Wizards of the Coast: Whether more Wade or Halliday, can you still name your favorite Thursday night lineup of shows on NBC?
Ernest Cline: Cosby Show, Family Ties, Cheers, and Night Court!
Wizards of the Coast: Favorite Saturday morning cartoon?
Ernest Cline: Dungeons & Dragons, of course!
Wizards of the Coast: Why the 80's? Not just for Ready Player One, but do you feel there's something to this decade that resonates so strongly with today's geek culture? Even for people that weren't even raised in the 80's?
Ernest Cline: I also feel like the 80s was the Dawn of Geek Culture. That was when most of us got our first home computers and video games consoles, and it was also the golden age of movies, with Destined-to-be-Classics like Back to the Future, Raiders of the Lost Ark, and Ghostbusters coming out every summer. So I think it's natural for geeks to be fascinated by the 80s, because the roots of our culture can all be traced back to that decade.
Wizards of the Coast: Is it surprising to you that elements of 80's culture have become such widely know relics or memes—especially in an era before the internet and widespread propagation of memes was even possible? Or was there simply a narrower culture that we all shared back then?
Ernest Cline: I think you hit the nail on the head. There were fewer movies, video games, cartoons, and TV shows to be obsessed with back then, so a lot more people shared the same passions. Now there is such a constant influx of awesome stuff, there's no way to keep up with it all, and the average geek's passions are much more eclectic and varied than they were back in the 80s.
Wizards of the Coast: Do you think that people, especially "kids these days," will look back at the current time with the same sense of nostalgia? Will there be similar memes that everyone will collectively remember, or has culture become too diffuse?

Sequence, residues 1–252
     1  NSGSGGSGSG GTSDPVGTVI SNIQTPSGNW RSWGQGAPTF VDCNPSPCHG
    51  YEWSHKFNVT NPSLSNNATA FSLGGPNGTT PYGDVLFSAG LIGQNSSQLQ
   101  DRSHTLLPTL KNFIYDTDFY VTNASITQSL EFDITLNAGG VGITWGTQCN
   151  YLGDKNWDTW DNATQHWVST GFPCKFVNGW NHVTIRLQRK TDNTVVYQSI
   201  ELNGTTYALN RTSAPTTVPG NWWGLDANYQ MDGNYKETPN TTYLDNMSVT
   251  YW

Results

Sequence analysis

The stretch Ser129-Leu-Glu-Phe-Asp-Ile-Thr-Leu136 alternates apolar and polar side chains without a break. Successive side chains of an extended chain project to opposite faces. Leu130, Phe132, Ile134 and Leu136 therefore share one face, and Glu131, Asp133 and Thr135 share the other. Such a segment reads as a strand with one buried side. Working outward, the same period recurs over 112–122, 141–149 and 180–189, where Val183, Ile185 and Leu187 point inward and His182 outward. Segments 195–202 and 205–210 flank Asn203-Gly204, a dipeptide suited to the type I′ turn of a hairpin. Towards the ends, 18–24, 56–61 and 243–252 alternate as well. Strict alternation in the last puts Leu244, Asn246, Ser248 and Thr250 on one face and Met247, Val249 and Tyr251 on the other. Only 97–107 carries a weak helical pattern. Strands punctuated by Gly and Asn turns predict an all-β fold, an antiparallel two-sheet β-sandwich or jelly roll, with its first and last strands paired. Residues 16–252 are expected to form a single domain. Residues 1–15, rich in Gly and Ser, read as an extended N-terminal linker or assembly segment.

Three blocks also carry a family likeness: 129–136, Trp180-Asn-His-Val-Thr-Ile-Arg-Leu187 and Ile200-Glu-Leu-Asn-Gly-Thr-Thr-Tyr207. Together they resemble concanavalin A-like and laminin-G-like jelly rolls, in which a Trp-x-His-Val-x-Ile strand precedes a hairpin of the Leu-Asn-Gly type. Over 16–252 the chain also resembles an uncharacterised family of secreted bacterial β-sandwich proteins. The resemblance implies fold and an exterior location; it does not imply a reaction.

Ernest Cline: I think every generation always ends up being nostalgic for their youth, because it's human nature. We look back fondly on the 80s the same way our parents were nostalgic for the 60s and 70s. Kids These Days will probably end up being nostalgic for the 2010s. (You know, way back before everyone had flying cars, personal robot assistants, and nanotechnology in their bloodstream.)
Wizards of the Coast: While Ready Player One is already written as a screenplay, any thoughts for continuing the story in some other fashion? (Minor spoiler ahead!) With the completion of the hunt, there seems more story potential as far as what ultimately happens next with, and within, OASIS.
Ernest Cline: I definitely have a desire to tell more stories in the RPO universe, but those ideas are still pretty nebulous at this point. I feel like the OASIS is the ultimate storyteller's sandbox, and I know I won't be able to resist setting more adventures there in the future. Stay tuned.
Bart Carroll has been a part of Wizards of the Coast since 2004, and a D&D player since 1980 (and has fond memories of coloring the illustrations in his 1st Edition Monster Manual). He currently works as producer for the D&D website. You can find him on Twitter (@bart_carroll) and at bartjcarroll.com.